It is no surprise that turkey prices are at historic highs. Just like most other products, there are shortages, delays, and price increases. The rising costs of labor and fuel are at the forefront of consumers’ minds. As the holiday season is in full swing, these price increases are more noticeable than ever as many Americans have their first full family dinners in nearly two years. This year’s Thanksgiving Day dinner will undoubtedly be a literal kitchen table conversation surrounding product shortages and product cost.
Where is turkey coming from?
The National Turkey Federation states that over 88% of Americans will consume turkey on Thanksgiving Day. This equates to over 46 million turkeys expected to be served in the United States. With Minnesota, North Carolina, Arkansas, and Missouri being the top turkey-producing states, many turkeys have a great distance to travel before reaching the dinner table.
Sitting at the dinner table and asking, “where do turkeys come from” is not always the most exciting question to ask, but it does entice an interesting answer from the supply chain and logistics provider perspective.
Fresh or Frozen?
The coordination of getting a turkey from farm to table is not cut and dry. The distribution of turkeys is not linear. After a turkey leaves a farm and distribution center, they might be immediately sent to grocery stores, or they may be held in storage until stores can accept turkeys to sell. The coordination of getting these birds to where they need to be, whether fresh or frozen, is a complicated process, requiring stakeholders to partner and coordinate on a deep level to ensure the delivery of birds to consumers.
Thanksgiving Day dinner has become much more complicated than the holiday dinner of a family only a few decades ago. Fresh turkeys account for only 10% of all turkeys consumed in the United States. Frozen turkeys account for the other 90% of turkeys consumed. In addition to a turkey, families also consume vast amounts of side dishes including canned and fresh items. Looking around a Thanksgiving Day table, the average family has between three and five side dishes. These added items also need to be transported to stores or directly to the consumer.
Who touched my food?
Hundreds of individuals interact with Thanksgiving food products before they reach the dinner table. From farmers to warehouse workers, truck drivers and grocery stockers, to cashiers and more, the human power that it takes to get food on the table is greater than meets the eye.
Farmers, distributors, logistics carriers, retailers, and truck drivers all must work together to ensure the safe delivery of the Thanksgiving dinner staple. While frozen turkeys have a much longer shelf life, fresh turkeys must be transported quickly, as they have a shelf life of only 21 days (about 3 weeks). The coordination of all these stakeholders to deliver the bird to the dinner table is critical.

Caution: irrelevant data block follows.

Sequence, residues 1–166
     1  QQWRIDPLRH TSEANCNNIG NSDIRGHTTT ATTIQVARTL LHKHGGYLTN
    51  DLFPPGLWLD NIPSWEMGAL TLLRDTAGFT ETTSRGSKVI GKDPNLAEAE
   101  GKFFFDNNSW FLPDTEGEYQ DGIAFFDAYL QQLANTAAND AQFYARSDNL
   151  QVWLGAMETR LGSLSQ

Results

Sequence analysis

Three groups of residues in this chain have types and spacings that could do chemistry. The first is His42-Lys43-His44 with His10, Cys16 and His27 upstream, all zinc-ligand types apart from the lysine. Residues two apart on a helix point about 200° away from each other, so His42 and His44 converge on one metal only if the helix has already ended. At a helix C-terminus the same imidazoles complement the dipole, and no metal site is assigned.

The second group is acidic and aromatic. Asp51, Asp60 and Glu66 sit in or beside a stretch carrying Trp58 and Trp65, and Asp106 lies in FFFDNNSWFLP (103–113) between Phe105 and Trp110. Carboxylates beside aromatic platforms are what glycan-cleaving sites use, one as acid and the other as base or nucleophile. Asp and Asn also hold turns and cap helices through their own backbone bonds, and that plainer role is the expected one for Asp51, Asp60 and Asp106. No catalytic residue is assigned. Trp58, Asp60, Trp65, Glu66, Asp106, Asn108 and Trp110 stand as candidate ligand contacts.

The planning of delivery begins months before Thanksgiving Day is even a thought in the mind of consumers. Collaboration among supply chain stakeholders ensures that turkeys end up in stores at the ideal time for consumers to buy and prepare for Thanksgiving Day. Transporting fresh and frozen birds can be a daunting task with the strict time constraints of shipping poultry, as well as the imposed holiday time constraints.
The demand of consumers outweighs the number of available fresh turkeys. The demand entices supply chain professionals to find creative solutions to meet consumer demand. Traditionally, fresh turkey was the most common (and most available) choice. Today, frozen turkey is the most widely available turkey choice, with the ability to freeze the bird months in advance and be stored prior to being sent to grocery stores and directly to the consumer.
Over the last two holiday seasons, shelves in grocery stores would be found completely empty. As the United States approaches the full swing of the holiday season, stores are experiencing record-high price increases. The cost of goods has increased across the board, with food prices being one of the highest increases. However, just because shelves will be generally well stocked does not mean that there will not be some key products missing.
While there is not a full-blown food shortage, there are some common goods that are experiencing shortages. Items such as butter, beer, pop, mustard, and milk are unable to be fully stocked in many stores. These items are in limited supply due to low milk supplies in the Midwest, sulfur contamination of carbon dioxide, weather, and war are to blame for these common food shortages.
Soaring prices will continue to be in the forefront for the rest of the holiday season and at least the beginning of 2023. While a food shortage isn’t a large consideration for the season, a labor shortage will certainly impact wait times in stores and for store-made goods such as desserts and breads. With some stores hosting “flashback” sales to previous holiday store prices, this holiday retail season is shaping up to be one of the most interesting years in supply chain and consumerism to date. Talks of rising prices are almost certain to be the centerpiece of conversation at Thanksgiving dinner.